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RE: XML.COM: How I Learned to Love daBomb

XSLT isn't the only option. XPath can be used with other technologies to
provide malleable mappings between a wire format and the data structures and
interfaces needed for processing.

I think it is evident you have a deeper understanding of RPC protocols than
I do. I can't argue with you on that basis. But I can speak from my own
experience. I've done EJB development, and I've done COM development. I've
also done work with our own integration technologies that use a declarative
language leveraging XPath for mapping arbitrary XML structures into
potentially quite different data structures and method calls. We have found
far higher levels of productivity with this custom integration technology
then with the process of recoding server stubs to support a new interface.

Indeed, we often get remarks from our customers regarding how rapidly we can
build custom integrations, and how easily they can implement their own end
of the integration. As one example, we had one customer who praised our
openess with the jocular remark that "the [Allegis] system is so open, we
could probably integrate it to a snow cone machine if we needed to"
). He was exagerrating, of course. We are not providing SOAP-enabled snow
cones. It is still rewarding to hear this sort of praise, though, and I
can't help but feel that if this customer had to use ONC-RPC or IIOP to
integrate with us, we would not be hearing this same level of praise.

Utimately, that is the litmus test for us. Do our customers find our
integration interfaces and tools easy to work with? If so, we have
succeeded. If not, no amount of rational argument regarding the technical
merit of our approach has any relevance.

The XML over HTTP approach has served us and our customers well for a few
years, now, and we regularly receive praise from our customers regarding how
much easier it is to integrate systems with Allegis then with other
enterprise software packages. What one developer considers easy may be
unweildy and intimidating to others. It is rather presumptious to speak on
their behalf without listening to them. We have to listen to them, or we
will go out of business, and they are telling us that XML is easier than the
alternatives they've had to work with, and internally we are achieving
higher levels of productivity than we've seen with integration technologies
centered entirely on mapping programming APIs onto wire protocols.

> -----Original Message-----
> From: Al B. Snell [mailto:alaric@alaric-snell.com]
> Sent: Wednesday, August 22, 2001 1:53 AM
> To: Michael Brennan
> Cc: xml-dev
> Subject: RE: XML.COM: How I Learned to Love daBomb
> On Tue, 21 Aug 2001, Michael Brennan wrote:
> > RPC could never displace EDI technologies. It's too rigid 
> and inflexible. If
> > you want to adapt to a particular format over the wire, you 
> have to write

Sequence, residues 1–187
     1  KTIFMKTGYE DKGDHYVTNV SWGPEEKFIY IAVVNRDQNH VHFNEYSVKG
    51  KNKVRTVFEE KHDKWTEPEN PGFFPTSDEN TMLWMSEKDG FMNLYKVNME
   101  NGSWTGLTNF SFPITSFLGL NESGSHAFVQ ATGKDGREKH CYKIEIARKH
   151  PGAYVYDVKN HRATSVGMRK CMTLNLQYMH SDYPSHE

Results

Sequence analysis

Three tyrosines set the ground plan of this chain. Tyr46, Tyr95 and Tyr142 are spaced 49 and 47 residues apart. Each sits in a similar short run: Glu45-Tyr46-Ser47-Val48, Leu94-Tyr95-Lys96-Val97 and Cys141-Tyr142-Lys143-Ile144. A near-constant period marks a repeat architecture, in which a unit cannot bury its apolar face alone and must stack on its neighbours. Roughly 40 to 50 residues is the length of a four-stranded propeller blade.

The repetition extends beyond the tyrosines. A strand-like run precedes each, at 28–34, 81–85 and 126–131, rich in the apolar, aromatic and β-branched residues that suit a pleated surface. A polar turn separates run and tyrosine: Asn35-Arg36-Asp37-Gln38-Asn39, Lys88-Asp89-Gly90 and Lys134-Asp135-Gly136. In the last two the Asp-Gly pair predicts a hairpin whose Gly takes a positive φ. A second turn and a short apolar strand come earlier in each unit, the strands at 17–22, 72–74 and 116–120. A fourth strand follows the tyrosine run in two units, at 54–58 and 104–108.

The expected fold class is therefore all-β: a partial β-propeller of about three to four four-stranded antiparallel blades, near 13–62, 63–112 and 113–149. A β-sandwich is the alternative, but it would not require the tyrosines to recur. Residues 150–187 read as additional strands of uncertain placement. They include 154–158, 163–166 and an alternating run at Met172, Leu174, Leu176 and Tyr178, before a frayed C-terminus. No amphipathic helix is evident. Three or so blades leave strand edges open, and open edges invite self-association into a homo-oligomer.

> > the source for your business services to match that format. 
> Every new format
> > requires the coding of a new interface.
> So does XML! If you expect:
> <order>
>  <item>Food Sensor</item>
>  <qty>10</qty>
>  <send-to>...</send-to>
>  <bill-to>...</bill-to>
> </order>
> And you get:
> <request>
>  <item-name>Food Sensor</item-name>
>  ...
> </request>
> then you're shafted.
> Of course, with XML, you can *add* extra elements and 
> attributes and the
> recepient gets to guess whether they are just irrelevant 
> information it
> can ignore, or some criticial information it can't process the order
> unless it can understand. ONC-RPC avoids this multi-version issue by
> putting version numbers on requests and having negotiation 
> mechanisms for
> implementations of different protocol versions to come to 
> agreement with
> each other; the client would ask the server if it supported 
> the version
> with the new fields in, and if not, it would either give up 
> (if it *needs*
> those new fields to be understood) or not send the new fields. ASN.1
> extends this by allowing special added fields to be marked as 
> such so that
> the recepient can skip over them, just like XML does, but 
> again this time
> there are rules about what those fields can mean; if they are 
> encoded as
> later-version extension fields, earlier verion recepients are 
> allowed to
> ignore them. If they contain vital information then the 
> sender uses a new
> format that is not a backwards-compatible version of the old 
> one, and the
> recepient will barf, and in an interactive transaction that connection
> will never get set up when transfer encodings are agreed upon 
> if the two
> ends cannot talk a mutually acceptable language.
> > XML-based technologies can displace EDI, because they can 
> easily support an
> > adaptive layer that can map different XML structures into 
> the same core
> > business services.
> So can other RPC technologies. Whereas in XML you might abuse 
> XSLT to do
> this (it's not what it's meant for and you can get burnt 
> easily), with RPC
> technologies you just write a different set of server stubs 
> that accept
> the requests and call your middleware functions. This is done 
> in practice,
> and it works fine.